President Rodrigo Duterte’s Philippines also offers some surprising lessons for Britain in the grip of Brexit. Again, the comparison might look strange at first glance. The blood-soaked drugs war launched by the man known as “the Punisher” is far removed from the antics of governments in London, even one led by the Incredible Hulk.
But Duterte is exemplary of the self-proclaimed “anti-establishment” politician who – like many of Britain’s leading Brexiters – is in fact a lifelong insider. For decades, his family has dominated the politics of his home place of Davao, the largest urban centre outside the capital Manila. He used the template of his violent mayoralty of Davao to conjure an image of a country in existential crisis – in this case over narcotics – that justified any means necessary in response and cast him in the role of national saviour. While Boris Johnson proclaims that he would rather be “dead in a ditch” than delay Brexit, Duterte promised to dump the corpses of drug dealers to feed the fishes of Manila Bay. Lead Brexiteers’ talk of “betrayal” and “surrender” further stokes the image of their project as beyond political norms and restraints.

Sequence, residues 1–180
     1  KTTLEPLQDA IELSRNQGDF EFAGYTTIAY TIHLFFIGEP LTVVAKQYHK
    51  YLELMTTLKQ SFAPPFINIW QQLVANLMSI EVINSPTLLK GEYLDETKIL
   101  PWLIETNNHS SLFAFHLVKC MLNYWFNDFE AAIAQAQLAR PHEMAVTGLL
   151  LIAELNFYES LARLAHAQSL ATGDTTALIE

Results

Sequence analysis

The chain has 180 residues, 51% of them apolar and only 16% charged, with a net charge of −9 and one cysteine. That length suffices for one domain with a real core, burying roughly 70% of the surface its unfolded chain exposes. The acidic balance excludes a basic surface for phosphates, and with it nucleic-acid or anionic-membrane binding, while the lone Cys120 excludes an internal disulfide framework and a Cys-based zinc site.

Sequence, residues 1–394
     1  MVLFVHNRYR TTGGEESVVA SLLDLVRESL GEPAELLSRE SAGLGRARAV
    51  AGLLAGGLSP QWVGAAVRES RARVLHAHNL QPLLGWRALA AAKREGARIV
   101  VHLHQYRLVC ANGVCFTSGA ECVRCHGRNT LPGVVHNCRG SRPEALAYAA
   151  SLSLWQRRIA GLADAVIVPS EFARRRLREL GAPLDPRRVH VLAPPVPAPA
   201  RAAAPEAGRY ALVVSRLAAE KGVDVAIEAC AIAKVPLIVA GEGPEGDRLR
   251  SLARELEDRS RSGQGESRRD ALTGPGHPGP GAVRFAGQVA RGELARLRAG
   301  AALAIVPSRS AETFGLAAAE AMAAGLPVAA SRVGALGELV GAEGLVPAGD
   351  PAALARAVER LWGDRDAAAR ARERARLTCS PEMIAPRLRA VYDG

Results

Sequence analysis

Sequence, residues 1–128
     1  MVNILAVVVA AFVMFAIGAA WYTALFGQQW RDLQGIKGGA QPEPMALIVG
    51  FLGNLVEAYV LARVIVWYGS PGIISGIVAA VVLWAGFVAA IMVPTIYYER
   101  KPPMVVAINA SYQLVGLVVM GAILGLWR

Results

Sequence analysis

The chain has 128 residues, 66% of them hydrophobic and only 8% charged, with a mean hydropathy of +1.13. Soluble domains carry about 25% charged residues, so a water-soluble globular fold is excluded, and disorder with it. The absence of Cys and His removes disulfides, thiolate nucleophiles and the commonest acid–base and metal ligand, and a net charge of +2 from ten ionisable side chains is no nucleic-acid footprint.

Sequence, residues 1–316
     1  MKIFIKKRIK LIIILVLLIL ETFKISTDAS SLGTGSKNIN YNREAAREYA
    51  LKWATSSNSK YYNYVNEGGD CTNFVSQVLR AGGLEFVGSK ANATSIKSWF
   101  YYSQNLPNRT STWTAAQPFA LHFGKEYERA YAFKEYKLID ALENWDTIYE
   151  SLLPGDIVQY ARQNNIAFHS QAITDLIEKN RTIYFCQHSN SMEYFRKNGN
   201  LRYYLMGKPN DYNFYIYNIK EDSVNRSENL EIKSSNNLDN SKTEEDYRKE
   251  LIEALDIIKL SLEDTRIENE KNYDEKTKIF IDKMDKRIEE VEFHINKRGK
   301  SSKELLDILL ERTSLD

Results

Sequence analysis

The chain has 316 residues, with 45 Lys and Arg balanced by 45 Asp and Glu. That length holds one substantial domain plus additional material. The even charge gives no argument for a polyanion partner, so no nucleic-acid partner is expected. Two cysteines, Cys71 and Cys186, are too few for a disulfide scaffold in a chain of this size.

Brexit’s rhetorical inflation and the authoritarian style it underpins are effective because they play to deeper neuralgias in British – and particularly English – life. One is a boast of enduring national greatness that masks both discomfort at lost dominance and denial about the country’s history and place in the world.
I worry that the myths of Brexit have blinded too many Britons to who we are
If Britain were more honest with itself, there would be greater revulsion at the grotesquery of the Brexiter appropriation of the language of freedom struggle to describe the process of leaving an international organisation the country joined voluntarily and has always been free to quit. Talk of liberation, vassalage and unshackling only looks serious in a state still largely blind to a history of slavery and colonisation that shows what those words truly mean. A 2014 YouGov poll found that 59 per cent of Britons said the British empire was more something to be proud of than ashamed of, against just 19 per cent who disagreed.